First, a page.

Bond Investment Strategies

Interest Rate Swaps

Interest rate swaps have become more important to the bond markets; most investors will encounter this term and require an understanding of what an interest rate swap is and how it is used. An interest rate swap is an agreement by two entities to exchange or swap floating rate interest payments for fixed rate interest payments - and vice versa. It is important for an individual investor to understand that swaps are between institutions and not between individual investors; however, the result of these swaps may affect his/her portfolio or the price he/she may pay for a particular bond.

The most common type of swap is a “vanilla” swap in which fixed rate interest payments are exchanged for floating rate interest payments based on LIBOR, the London Interbank Offered Rate. LIBOR is the interest rate that banks with high credit ratings from ratings agencies (rating of AA- or above) charge each other for short term financing. LIBOR is set daily and is considered the benchmark for floating short term interest rates. One entity in the swap will get a fixed rate loan rate and the other will get a floating rate loan rate.

The two organisations that participate in the swap are known as “counterparties.” The “payer” in a vanilla swap is the entity that agrees to receive a floating interest rate in exchange for a fixed interest rate. The “receiver” is the entity that agrees to receive a fixed rate in exchange for a floating rate. Commercial and investment banks with high credit ratings are usually the entities that offer both fixed and floating rate swaps.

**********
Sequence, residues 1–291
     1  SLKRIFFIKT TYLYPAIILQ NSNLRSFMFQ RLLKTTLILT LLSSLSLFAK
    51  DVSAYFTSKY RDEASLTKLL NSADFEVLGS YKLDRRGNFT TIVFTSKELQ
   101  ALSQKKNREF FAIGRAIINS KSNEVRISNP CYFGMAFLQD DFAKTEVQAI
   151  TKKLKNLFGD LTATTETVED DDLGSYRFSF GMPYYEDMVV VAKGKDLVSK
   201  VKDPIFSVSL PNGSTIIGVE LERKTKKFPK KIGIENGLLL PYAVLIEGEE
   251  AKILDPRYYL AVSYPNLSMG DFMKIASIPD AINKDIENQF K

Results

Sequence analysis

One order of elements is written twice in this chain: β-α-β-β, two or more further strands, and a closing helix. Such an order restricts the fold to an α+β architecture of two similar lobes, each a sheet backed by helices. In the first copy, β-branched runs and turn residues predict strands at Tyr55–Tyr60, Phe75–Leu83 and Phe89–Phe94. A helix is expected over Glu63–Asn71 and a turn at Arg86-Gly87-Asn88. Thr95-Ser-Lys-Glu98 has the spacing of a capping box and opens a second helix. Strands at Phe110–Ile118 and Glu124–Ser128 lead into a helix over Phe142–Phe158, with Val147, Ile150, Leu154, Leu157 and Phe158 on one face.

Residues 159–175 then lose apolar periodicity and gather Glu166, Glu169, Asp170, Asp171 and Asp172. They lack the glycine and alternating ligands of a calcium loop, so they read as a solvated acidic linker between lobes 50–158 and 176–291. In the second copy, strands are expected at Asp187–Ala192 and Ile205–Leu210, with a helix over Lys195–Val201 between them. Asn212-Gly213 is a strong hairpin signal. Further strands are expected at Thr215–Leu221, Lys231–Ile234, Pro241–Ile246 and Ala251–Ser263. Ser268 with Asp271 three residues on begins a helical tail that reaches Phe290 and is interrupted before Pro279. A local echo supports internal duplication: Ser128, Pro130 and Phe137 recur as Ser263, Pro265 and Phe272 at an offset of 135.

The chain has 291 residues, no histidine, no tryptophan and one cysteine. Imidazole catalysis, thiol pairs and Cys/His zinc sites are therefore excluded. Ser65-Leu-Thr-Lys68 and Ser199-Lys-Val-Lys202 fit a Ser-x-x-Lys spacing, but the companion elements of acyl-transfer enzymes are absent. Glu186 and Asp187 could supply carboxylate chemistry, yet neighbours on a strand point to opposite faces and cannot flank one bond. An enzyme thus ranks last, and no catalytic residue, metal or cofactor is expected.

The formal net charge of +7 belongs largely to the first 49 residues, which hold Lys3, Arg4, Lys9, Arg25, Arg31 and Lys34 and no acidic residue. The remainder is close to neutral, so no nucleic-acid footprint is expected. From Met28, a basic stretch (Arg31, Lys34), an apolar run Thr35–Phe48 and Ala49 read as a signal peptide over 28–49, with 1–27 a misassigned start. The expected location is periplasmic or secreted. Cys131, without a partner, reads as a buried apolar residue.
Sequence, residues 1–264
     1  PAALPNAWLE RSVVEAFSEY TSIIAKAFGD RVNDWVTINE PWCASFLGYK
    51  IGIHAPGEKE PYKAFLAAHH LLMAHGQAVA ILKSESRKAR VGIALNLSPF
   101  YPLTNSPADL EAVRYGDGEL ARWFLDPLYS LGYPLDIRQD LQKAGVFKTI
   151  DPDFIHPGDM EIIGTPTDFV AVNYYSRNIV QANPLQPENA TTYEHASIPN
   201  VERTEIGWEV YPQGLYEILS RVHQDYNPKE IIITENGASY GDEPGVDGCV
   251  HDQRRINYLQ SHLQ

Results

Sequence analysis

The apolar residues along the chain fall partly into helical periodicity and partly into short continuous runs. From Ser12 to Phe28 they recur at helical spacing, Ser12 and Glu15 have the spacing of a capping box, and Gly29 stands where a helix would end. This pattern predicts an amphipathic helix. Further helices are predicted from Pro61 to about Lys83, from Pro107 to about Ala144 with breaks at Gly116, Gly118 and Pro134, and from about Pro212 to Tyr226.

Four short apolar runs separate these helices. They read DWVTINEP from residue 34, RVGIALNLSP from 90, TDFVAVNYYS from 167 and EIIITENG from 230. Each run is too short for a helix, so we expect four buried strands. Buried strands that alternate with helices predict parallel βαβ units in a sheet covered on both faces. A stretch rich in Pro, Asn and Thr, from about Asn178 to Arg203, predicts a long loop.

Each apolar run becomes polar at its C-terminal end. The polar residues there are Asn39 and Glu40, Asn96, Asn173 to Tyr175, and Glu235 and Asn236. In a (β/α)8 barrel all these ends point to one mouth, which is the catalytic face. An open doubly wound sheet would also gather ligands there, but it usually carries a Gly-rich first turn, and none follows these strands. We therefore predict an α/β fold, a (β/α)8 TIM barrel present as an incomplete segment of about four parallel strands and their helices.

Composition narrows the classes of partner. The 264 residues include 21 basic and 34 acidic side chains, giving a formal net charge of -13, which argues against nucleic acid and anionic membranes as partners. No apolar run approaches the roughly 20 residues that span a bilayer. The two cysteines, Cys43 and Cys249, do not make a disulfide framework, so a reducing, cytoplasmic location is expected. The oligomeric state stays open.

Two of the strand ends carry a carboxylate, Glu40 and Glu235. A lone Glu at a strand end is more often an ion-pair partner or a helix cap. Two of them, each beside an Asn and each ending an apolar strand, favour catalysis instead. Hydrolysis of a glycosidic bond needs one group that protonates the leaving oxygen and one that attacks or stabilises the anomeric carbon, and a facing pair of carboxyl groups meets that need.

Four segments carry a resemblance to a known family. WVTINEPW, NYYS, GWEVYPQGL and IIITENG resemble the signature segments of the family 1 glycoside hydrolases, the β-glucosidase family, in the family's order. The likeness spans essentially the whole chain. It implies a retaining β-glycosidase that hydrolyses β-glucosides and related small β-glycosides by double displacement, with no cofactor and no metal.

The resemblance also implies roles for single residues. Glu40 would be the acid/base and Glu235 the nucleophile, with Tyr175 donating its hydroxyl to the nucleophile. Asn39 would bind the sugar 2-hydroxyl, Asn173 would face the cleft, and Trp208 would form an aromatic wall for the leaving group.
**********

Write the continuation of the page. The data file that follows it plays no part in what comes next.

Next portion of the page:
Swaps are actively traded across many bond issues, with different quality ratings, and are measured on the basis of yield. Swap yield rates plotted on a graph across the various available bond maturities together create a swap curve. The swap curve covers many swap trades and it is reflective of expectations about floating LIBOR interest rates and fixed rate bank credit. The market considers it a good benchmark indicator of yield and therefore of pricing.

Why do I care?

  • Corporations may use swaps to exchange loans with floating rates for loans with fixed rates and vice versa to more closely match their needs for financing.
  • Some types of bonds have prices that are set in reference to the swap curve, especially if those bonds are less liquid, i.e. after issuance, the bonds don’t trade much.
  • The swap rate curve is an important interest-rate benchmark for the bond markets and is commonly used in Europe as the pricing reference for all European Government Bonds.
  • Portfolio managers also use swaps to manage interest rate risk and sometimes to lock in interest rates.

Interest- rate swaps have two major risks: interest rate risk and credit risk (also known as counterparty risk).

Swaps have interest rate risks because sometimes interest rates don’t move the way the parties expect them to and instead of the swap exchange sum of expected profits and losses adding up to zero, it doesn’t, in which case a counterparty may set up another swap to cancel out the impact of the first one.

The second type of risk is credit risk, which is that one of the counterparties will default. Since as we noted the banks involved have high credit ratings of AA and above, this is unlikely, but it isn’t risk-free.

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